For Parenting Educators: Fathering

By Megan McQueen

Parenting educators, we have a gender problem. We didn’t create this problem, but we can help shift our classes and materials to become more inclusive. We need to include fathers in our parenting mindsets. I usually see mothers carrying the heavy load of caregiving work, research, and education in my social circles. I asked myself, my friends, and our partners why we thought these patterns existed and why we perpetuated them. The answers I received were thoughtful, disappointing, and humbling. We must do a better job engaging fathers.

Please note: I use the gendered term father here, for lack of a better term. In this post, I am thinking about men who parent, but also other genders of caregivers that don’t identify with the term mother.

Adapt Parenting Resources

Professor of applied psychology, Catherine Tamis-LeMonda, Ph.D., says, “We tend to have a narrative that raising a child is a mom’s domain, and moms do it better than dads…Not only are men’s views of themselves as potential nurturers blocked by cultural constructs, they’re also blocked by internalized ideas of masculinity.” Let’s help our families see themselves reflected in family life.

We have a world of “mommy-and-me” classes in which fathers may feel that they are outsiders. Flip the description to “baby-and-me” or “toddler-and-me,” and automatically, other caregivers feel welcome. By doing this, we also focus on the children in these gatherings. We can disrupt a gendered narrative of parenting by making these subtle changes. We share nurturing role models of all genders with our classes so that everyone feels reflected, and we expand all our patterned thinking about parenting. We can connect our courses to a fun event for children. When the kids want to attend, it might be easier for the parent to say “yes.”

Include Fathers in Community Building

Look for ways to mix your gatherings, so everyone feels included. Fathers can connect instead of sitting on the edges. We can plan ways to relate as class begins, which gets people talking with each other. We might plan a seating arrangement so everyone feels they belong instead of people left wondering who to sit near. Addressing and discussing emotions during class can help break down societal barriers that men shouldn’t talk about their feelings. Our classes can be safe places for all caregivers to process their emotions. You may also consider adding an informal “dad support group” to help the fathers feel connected to each other. Help dads create peer networks or mentor/mentee programs.

Help Dads Feel Valued

Popular media often devalues fathers, showing dads as incompetent. Be sure to interrupt stereotypical language if you hear it. Dads are not babysitters. Evolutionary anthropologist Anna Machin writes that “​​dads are the parents of resilience, perfectly placed to teach their children all about challenge, risk and failure and this means that dads can have a direct, positive impact upon the quality of their child’s mental health.” Let’s support families stepping out of gender roles and creating systems that work best for their needs.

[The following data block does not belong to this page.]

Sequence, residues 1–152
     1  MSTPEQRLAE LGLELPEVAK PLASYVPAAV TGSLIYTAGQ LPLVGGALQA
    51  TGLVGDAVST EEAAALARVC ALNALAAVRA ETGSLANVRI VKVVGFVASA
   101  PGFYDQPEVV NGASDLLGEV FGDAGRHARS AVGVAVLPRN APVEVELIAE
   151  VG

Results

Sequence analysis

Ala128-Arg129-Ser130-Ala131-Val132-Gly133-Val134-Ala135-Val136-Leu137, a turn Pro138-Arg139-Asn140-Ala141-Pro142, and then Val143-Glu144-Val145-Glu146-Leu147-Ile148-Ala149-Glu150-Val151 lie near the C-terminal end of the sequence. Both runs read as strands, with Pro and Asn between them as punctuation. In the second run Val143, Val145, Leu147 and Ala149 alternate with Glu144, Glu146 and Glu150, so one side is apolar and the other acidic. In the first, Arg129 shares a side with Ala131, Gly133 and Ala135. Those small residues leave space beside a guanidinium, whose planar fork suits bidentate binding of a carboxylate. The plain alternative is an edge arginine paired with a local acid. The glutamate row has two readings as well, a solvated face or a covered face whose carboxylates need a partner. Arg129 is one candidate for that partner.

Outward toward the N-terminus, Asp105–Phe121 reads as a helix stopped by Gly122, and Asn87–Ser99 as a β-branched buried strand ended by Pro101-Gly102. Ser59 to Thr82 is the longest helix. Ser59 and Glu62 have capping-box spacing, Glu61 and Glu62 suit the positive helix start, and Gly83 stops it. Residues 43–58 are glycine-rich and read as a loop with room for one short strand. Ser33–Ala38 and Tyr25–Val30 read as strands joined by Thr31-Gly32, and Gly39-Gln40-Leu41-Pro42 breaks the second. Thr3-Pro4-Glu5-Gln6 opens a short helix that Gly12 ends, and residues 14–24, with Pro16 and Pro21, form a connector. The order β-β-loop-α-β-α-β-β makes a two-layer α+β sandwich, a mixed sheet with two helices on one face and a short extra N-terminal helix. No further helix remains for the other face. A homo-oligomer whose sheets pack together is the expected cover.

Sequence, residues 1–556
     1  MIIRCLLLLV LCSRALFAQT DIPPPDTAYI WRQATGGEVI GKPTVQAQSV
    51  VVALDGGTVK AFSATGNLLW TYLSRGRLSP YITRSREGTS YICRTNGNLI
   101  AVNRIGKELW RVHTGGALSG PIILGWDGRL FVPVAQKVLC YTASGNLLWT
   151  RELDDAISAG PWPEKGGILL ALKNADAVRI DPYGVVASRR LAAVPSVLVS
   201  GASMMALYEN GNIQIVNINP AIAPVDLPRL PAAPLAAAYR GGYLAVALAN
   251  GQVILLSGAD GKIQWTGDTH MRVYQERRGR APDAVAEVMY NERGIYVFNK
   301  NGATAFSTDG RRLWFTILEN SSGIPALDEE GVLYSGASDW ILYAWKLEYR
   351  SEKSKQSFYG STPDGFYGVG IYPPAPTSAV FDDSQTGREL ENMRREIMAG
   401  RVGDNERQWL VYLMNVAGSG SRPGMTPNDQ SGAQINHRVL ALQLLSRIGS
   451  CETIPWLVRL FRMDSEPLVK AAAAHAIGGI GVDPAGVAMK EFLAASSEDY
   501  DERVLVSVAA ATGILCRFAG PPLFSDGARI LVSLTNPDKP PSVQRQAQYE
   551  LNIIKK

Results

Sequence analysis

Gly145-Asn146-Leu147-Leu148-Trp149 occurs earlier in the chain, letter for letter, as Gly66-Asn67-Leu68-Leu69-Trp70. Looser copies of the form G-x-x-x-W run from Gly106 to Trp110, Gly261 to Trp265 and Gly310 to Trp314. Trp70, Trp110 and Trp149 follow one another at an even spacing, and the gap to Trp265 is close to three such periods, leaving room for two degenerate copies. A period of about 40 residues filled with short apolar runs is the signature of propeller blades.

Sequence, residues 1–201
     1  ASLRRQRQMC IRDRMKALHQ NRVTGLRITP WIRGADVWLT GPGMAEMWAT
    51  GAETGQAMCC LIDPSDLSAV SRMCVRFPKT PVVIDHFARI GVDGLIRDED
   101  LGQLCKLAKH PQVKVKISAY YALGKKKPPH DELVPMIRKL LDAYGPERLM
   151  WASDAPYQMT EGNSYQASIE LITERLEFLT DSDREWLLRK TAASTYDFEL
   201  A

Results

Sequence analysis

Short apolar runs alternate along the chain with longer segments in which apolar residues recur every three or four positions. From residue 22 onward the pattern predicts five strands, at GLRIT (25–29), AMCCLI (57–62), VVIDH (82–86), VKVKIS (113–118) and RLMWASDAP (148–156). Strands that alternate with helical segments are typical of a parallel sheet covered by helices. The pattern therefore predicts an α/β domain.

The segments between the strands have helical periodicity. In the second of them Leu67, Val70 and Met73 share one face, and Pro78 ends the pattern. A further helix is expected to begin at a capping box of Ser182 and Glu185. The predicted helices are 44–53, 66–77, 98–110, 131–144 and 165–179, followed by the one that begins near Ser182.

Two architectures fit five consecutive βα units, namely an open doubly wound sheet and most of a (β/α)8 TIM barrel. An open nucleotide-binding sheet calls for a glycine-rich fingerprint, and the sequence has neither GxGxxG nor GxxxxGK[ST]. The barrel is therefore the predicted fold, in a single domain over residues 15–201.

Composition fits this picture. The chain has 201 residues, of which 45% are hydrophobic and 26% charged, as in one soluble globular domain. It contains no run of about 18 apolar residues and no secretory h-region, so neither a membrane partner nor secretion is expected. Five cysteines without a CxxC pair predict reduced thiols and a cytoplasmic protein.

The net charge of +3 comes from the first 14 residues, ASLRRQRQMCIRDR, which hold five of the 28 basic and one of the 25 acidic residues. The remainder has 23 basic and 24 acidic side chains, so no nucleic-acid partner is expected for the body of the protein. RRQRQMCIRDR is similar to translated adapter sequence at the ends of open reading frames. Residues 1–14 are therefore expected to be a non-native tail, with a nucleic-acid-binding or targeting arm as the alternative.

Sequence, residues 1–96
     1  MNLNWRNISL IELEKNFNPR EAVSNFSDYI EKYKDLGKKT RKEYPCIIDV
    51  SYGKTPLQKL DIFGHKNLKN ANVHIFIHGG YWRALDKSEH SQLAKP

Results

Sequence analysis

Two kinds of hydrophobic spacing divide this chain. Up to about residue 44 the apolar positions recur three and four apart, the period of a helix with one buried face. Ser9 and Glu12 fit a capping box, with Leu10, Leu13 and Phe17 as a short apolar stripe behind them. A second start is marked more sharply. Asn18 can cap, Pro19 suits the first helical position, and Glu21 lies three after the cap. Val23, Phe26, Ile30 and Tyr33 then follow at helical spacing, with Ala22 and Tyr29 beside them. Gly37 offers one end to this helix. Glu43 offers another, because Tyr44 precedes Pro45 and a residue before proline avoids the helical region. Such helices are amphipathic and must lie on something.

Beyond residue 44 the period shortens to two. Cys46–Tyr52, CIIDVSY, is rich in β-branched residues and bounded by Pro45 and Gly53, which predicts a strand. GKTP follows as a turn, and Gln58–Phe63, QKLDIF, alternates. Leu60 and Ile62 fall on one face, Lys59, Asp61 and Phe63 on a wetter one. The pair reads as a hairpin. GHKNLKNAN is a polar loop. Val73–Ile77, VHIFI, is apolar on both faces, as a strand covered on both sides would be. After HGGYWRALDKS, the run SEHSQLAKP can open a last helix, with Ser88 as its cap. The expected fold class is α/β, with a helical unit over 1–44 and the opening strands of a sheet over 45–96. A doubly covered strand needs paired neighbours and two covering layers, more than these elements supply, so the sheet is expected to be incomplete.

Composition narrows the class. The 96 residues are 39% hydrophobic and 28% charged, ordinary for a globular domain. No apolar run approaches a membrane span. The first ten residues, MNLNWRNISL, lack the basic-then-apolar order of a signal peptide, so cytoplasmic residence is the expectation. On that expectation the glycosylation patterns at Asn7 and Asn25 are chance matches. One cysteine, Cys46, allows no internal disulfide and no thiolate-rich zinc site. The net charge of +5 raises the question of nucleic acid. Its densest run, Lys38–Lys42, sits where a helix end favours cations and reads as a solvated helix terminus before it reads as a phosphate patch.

Become Aware of Barriers

Jordan Shapiro, Ph.D., writes that we need “to identify, interrogate, and then reframe problematic and unjust narratives” to help us build a more equitable society. Sometimes simple barriers such as limited transportation and childcare can prevent caregivers from attending parenting classes. How can we anticipate these needs and provide solutions?

Many dads feel pressure to provide financially for their families. Access to job training, GED, and higher education information can be helpful. We can be creative about the locations of our classes. Are they on a main bus line? Or bikeable?

We must also examine possible biases in ourselves and our programs against caregivers who are not mothers and embrace intersectional identities. Many caregivers feel unwelcome if they do not fit into a white, middle-class, female, able-bodied, suburban stereotype. How can we undo these mindsets in ourselves and our communities? How can we ensure our classes and materials honor and value multiple identities? Consider ways to invite all genders to apply for work as your colleagues.

These suggestions are not enough to dismantle societal barriers, but they can help. We can and should change what we have control and influence over. We can advocate for family-friendly policies in our communities, reduce mothers’ burdens, and remove barriers for other caregivers to benefit children and society.

Books and Resources

Being Invisible by Kenny Harry

The Company of Dads podcast

Father Figure by Jordan Shapiro

Fatherhood by Papa B by Bode Aboderin

Wisconsin Fatherhood Needs Assessment

Megan McQueen is a warmhearted teacher, coach, consultant, and writer. She grounds her work in empathetic education, imparting a strong sense of community and social skills to those with which she works. Megan prioritizes emotional learning and problem solving skills. When not at work, she is most likely playing with her husband, two children, and pup.

Learn more about the Oregon Parenting Education Collaborative and read our blog!

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